By New Times
By Robrt L. Pela
By Lauren Saria and Heather Hoch
By Deborah Sussman
By Robrt L. Pela and Amy Silverman
By Kathleen Vanesian
By Eric Schaefer
By Heather Hoch
Heck if I know. When I say my family reproduces late in life, I don't just mean late, I mean really late, like every 30 to 40 years. This makes the odds of knowing one's grandparents in one's adult years (or at all, for that matter) downright slim, and the chances of tasting one's grandmother's cooking even slimmer.
I envy those of you from families on more normal reproductive schedules. You probably have fond memories of Sunday dinners at Grandma's. There you are in her farmhouse kitchen, your parents, cousins, aunts, uncles, brothers and sisters all seated around the table. Under the table, Sparky, your grandmother's brown-and-white spaniel, nudges your hand for scraps with his wet and insistent nose.
The food at Grandma's house is endless and good. "There's always more where that came from," your grandmother says, as the bowls pass round. Mashed potatoes, country gravy, biscuits, string beans, salad, fried chicken. You wash it all down with fresh lemonade and ask for more. "Nobody cooks like Grandma," you think. "Nobody cooks better."
The closest I'll come to experiencing that kind of eating is at home-style restaurants like Joan's Kitchen. Joan's (pronounced Jo-ANN's) is a warm-looking place, with framed family photos on the wall and woven napkins in napkin rings and food prepared from scratch. The mashed potatoes are real, the biscuits are hot, the enthusiasm is genuine.
Joan does all the cooking. Husband Gene serves drinks at the adjoining Back Porch bar. He also does the lion's share of the meetin' and greetin'. "How you folks doin'? Can I get you anything?" asks Gene as he makes the rounds. He is a cheerful, outgoing man who is proud of his wife's cooking. He should be. It is good, simple fare. Come dinnertime, you won't find anything fancy at Joan's Kitchen--just tried-and-true family recipes. Liver and onions, chicken-fried steak, broiled whitefish. The menu consists of six to eight entrees. I manage to taste about half.
My favorite, by far, is the chicken and dumplings. Admittedly, I've always had a weakness for creamed chicken--though, curiously, I railed against chicken a la king as a child. Joan's is creamy and hot and oh so comforting. The beigeness of this dish is offset by pimiento and the occasional green pea. The chicken meat is white and tender, the dumplings more like biscuits, but good.
My second favorite dinner entree at Joan's Kitchen would have to be her meatloaf. Sweetened with tomatoes and cut into generous brownie-size squares, it is quite unlike any other I've tasted.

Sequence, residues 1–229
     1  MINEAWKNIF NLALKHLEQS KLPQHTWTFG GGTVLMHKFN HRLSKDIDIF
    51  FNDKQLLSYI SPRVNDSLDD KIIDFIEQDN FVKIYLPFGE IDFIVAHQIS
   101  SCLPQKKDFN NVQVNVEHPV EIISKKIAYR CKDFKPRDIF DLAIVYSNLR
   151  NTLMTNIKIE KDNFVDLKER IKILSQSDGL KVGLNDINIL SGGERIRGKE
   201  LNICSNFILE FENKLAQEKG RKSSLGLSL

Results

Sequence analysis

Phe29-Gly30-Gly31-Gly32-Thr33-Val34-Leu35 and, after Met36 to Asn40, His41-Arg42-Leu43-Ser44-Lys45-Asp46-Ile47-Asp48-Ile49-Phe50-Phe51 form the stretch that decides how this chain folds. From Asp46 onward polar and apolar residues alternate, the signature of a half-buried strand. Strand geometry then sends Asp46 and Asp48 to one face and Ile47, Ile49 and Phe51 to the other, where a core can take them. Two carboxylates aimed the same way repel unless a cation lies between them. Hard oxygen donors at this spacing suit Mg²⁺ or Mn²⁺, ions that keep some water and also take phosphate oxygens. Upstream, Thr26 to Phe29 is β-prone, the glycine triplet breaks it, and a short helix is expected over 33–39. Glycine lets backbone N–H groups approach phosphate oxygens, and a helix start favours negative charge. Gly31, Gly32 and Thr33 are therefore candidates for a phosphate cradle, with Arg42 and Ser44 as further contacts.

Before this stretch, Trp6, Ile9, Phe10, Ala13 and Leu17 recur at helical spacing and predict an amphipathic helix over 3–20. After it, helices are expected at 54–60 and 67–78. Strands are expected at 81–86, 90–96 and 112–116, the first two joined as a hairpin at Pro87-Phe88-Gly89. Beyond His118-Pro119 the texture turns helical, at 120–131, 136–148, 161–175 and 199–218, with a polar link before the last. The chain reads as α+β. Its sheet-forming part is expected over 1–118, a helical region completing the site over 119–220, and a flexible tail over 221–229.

Southern-fried pork chops are a bit of a disappointment. Pan-fried, they are thin and slightly tough.
The night I try the sirloin steak smothered in grilled onions and mushrooms, the kitchen is out of mushrooms. Our waitress is mortified and apologizes profusely. "Do you want something else?" she asks. I tell her no, that grilled onions alone will be fine. And they are. Translucent and hot out of the sautee pan, they remind me of Mom's. The steak, however, is only so-so. It has a preshaped look to it and has clearly been pan-fried also.
I love Joan's mashed potatoes. They support a pool of country gravy. I cherish each lump and bump, confirmation of their authenticity.
I wish I could be as enthusiastic about Joan's "vegetable of the day." On one occasion, my dining accomplice and I receive unmemorable canned peas with cocktail-size onions. On our next visit, we are treated to corn mixed with diced pepper and onion that is no more than average. Both vegetables are overcooked addenda to the meal. They certainly do not appear to have received the nurturing touch applied to the potatoes and gravy.
Dinners come with soup or salad and a basket of biscuits. Both times I visit, the soup is a very nice cream of broccoli--not at all gloppy, and obviously homemade. Joan's biscuits are fluffy and not salty.
Overcome by Sixties nostalgia, we begin our meals with the relish tray, an assortment of raw vegetables served with ranch dressing in a cut-plastic bowl. You gotta love it.
Joan makes all her own desserts, just like Grandma did. I like the pineapple crunch, a cross between a pineapple "crisp" and upside-down cake. Our waitress raves about the carrot cake. "It's not heavy at all," she claims. She's right. It's more like spice cake with shredded carrots thrown into the batter. I would not order it again.
Granted, these are not the kind of victuals I'd eat every day, but when I need a little imaginary pampering from Grandma, I know where to come. Joan's Kitchen is home cooking at its best--nothing artificial, nothing flashy, just like you'd get at Grandma's house.
Too bad the Weather Vane is where Grandma and Gramps are likely to end up when they're looking for good, old-fashioned home cooking. The day we visit, most of the people in the restaurant are seniors. But this sterile East Mesa eatery is replica rather than real thing, attracting customers with claims of "best chicken-fried steak in the world" and "quality home-style cooking at low prices."